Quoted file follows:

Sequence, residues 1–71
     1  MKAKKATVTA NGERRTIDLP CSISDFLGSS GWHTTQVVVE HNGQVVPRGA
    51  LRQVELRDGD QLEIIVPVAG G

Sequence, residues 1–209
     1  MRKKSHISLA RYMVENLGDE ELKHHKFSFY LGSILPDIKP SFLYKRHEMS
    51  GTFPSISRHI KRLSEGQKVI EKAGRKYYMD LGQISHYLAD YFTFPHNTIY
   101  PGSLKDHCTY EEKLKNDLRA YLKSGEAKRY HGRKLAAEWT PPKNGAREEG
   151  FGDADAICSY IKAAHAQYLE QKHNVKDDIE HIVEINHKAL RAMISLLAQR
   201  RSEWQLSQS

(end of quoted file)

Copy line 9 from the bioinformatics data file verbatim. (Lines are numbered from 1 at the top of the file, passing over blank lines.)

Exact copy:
   201  RSEWQLSQS